The following content is sourced from external partners. We cannot guarantee that it is suitable for the visually or hearing impaired.
KABUL (Reuters) - U.S. military authorities are investigating a video widely circulated on Afghan social media that apparently shows a U.S. service member firing into a civilian truck driving along a road in Afghanistan, a spokesman said.
"The video in question is not official, not authorized and does not represent the professionalism of the service members of U.S. Central Command," Air Force Col. John Thomas, a spokesman for the U.S. military Central Command, said in an emailed statement.
"We are conducting an investigation into this video, and will take appropriate actions as a result of this investigation," he said.
It was not clear when or where the video was made. The clip, filmed from the perspective of the apparent shooter as they sit in a moving vehicle, shows a civilian truck being overtaken when a shot appears to be fired into its window.
The video, which Thomas said had caused "serious concern", comes as the United States has stepped up operations in Afghanistan against both Taliban insurgents and radical fighters from Islamic State and other militant groups.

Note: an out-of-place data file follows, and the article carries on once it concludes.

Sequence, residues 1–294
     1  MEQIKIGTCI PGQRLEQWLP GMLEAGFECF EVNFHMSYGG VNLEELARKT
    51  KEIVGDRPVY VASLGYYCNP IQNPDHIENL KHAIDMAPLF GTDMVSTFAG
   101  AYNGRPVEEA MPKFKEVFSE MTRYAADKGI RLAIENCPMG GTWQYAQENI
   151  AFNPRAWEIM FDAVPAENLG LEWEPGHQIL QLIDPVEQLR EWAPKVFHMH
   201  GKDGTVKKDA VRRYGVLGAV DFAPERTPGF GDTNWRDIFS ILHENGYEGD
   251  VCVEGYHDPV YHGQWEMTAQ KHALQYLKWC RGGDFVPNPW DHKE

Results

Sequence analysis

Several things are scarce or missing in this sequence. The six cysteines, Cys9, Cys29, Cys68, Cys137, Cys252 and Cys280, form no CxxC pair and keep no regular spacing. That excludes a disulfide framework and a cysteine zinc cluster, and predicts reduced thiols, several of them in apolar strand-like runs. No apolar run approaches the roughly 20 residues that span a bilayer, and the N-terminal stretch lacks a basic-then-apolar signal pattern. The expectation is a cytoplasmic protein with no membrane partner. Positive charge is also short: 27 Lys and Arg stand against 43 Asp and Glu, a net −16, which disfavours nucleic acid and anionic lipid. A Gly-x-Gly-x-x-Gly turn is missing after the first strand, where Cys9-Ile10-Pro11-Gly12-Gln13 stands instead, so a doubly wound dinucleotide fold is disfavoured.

Commanders have been very sensitive to reports of civilian casualties, mindful of the serious tensions with the Afghan government and public opinion caused by such casualties in previous years.
"I have reviewed the video and I am disappointed and also concerned that the American people, our Coalition partners, the Afghan government, and the Afghan people will believe that American service members are callous and indifferent to the horrors of war or the suffering of innocent people trapped in conflict," Gen. Joseph Votel, Commander, U.S. Central Command, said in the emailed statement.
"I can assure you that this video does not represent the professionalism or humanity of the men and women of U.S. Central Command. We reject the unprofessional and callous message this video conveys," he said.
(Reporting by James Mackenzie; Editing by Hugh Lawson)